WAPATO, Wash. — A fraud report by the state Auditor’s Office shows $308,199 was misappropriated by the city of Wapato over a six-year period.
The misappropriations occurred in business and occupation tax revenue and cemetery payments made to the city between October 2011 and October 2017, the audit found.
The matter has been turned over to the Yakima County Sheriff’s Office for investigation.
City Administrator Juan Orozco said he has been working with fraud investigators since learning of the matter not long after he took office as mayor in December 2017. He resigned as mayor in September and was subsequently appointed city administrator.
He accuses the former city administration of not keeping a close eye on Wapato finances.
“This is flat-out corruption,” he said during a phone interview Thursday afternoon. “This is hundreds of thousands of dollars that walked out the back door under their watch.”
The Yakima County Sheriff’s Office has known about the case since 2017, but waited for auditors to conclude their investigation, said Sgt. Judd Towell.
“We had to have their audit completed before we could do our investigation,” he said. “We will run with the investigation now and make some determinations.”
Former City Clerk-Treasurer Sue Pearson notified state auditors of possible misappropriations in October 2017, as required by state law. Later that month, the city’s deputy clerk-treasurer, Gloria Acosta, was placed on paid leave and was asked to resign in December 2017, the report said.
In January 2018, Pearson was placed on paid leave pending the investigation. Attempts to contact Acosta and Pearson were not successful Thursday. Neither has been charged with a crime in the incident.
Fraud investigators with the auditor’s office linked most of the misappropriations to Acosta.
“We compared bank records to underlying supporting records at the city, including accounting system records, and found a total misappropriation of $308,199. Of this amount, the former deputy clerk-treasurer was responsible for misappropriating at least $303,678,” the report said.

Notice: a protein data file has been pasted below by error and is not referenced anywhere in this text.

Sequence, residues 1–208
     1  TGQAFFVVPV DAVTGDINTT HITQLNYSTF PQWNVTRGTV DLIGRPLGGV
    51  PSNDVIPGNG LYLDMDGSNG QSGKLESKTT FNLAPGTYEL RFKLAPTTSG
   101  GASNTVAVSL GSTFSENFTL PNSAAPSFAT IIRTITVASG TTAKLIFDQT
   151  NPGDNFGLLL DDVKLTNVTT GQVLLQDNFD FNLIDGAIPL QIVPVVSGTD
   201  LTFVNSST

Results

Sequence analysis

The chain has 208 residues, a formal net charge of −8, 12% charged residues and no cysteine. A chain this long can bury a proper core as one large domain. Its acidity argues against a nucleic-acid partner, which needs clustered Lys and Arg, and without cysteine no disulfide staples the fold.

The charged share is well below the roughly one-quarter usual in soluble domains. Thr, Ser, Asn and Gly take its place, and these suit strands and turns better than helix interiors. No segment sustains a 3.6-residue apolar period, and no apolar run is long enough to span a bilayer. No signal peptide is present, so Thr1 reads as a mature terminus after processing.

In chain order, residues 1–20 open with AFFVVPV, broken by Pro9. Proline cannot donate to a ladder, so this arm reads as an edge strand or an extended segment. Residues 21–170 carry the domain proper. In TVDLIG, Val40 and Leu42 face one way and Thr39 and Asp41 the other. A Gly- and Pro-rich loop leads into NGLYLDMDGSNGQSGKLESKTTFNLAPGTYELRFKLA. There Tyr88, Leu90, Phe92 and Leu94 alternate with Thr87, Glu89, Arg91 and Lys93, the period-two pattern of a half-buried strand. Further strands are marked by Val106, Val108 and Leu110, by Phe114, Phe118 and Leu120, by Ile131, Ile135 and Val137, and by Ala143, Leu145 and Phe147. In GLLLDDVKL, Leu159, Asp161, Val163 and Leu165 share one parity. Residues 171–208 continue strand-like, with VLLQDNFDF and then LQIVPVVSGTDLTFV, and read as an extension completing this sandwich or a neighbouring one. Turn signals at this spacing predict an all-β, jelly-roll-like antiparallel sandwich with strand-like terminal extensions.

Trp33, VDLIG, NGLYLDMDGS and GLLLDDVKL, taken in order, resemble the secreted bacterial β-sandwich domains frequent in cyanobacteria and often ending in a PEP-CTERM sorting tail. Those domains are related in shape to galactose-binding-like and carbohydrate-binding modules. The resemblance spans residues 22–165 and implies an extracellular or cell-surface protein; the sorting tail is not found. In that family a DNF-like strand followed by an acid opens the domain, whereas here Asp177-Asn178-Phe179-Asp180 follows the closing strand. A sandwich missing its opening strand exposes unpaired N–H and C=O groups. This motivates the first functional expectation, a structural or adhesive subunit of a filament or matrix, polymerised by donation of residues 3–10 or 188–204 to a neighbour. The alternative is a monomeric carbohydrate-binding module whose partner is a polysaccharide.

The remaining misappropriations couldn’t be tracked to any specific person, the report said.
The audit uncovered $290,780 in business and occupation taxes paid to the city but not recorded into the city’s system. That amount was used to replace other receipts already recorded into the system, which gave the appearance that bank deposits matched the city’s records, the report said.
The audit also found payments for burial plots and related services totalling $17,419 that were manipulated in city books the same way. The deputy clerk was responsible for at least $16,454 of those misappropriations, the report said.
The report doesn’t show how the misappropriated funds were used.
The city lacks segregation of duties and proper oversight of those funds, the report said.
In a response, the city said it has hired a new clerk-treasurer and instituted a double audit of finances with independent reviews.
The city’s insurance will cover the cost of the misappropriations and the state’s $42,443 investigation fee.
“The main thing is this — we identified the corruption,” Orozco said.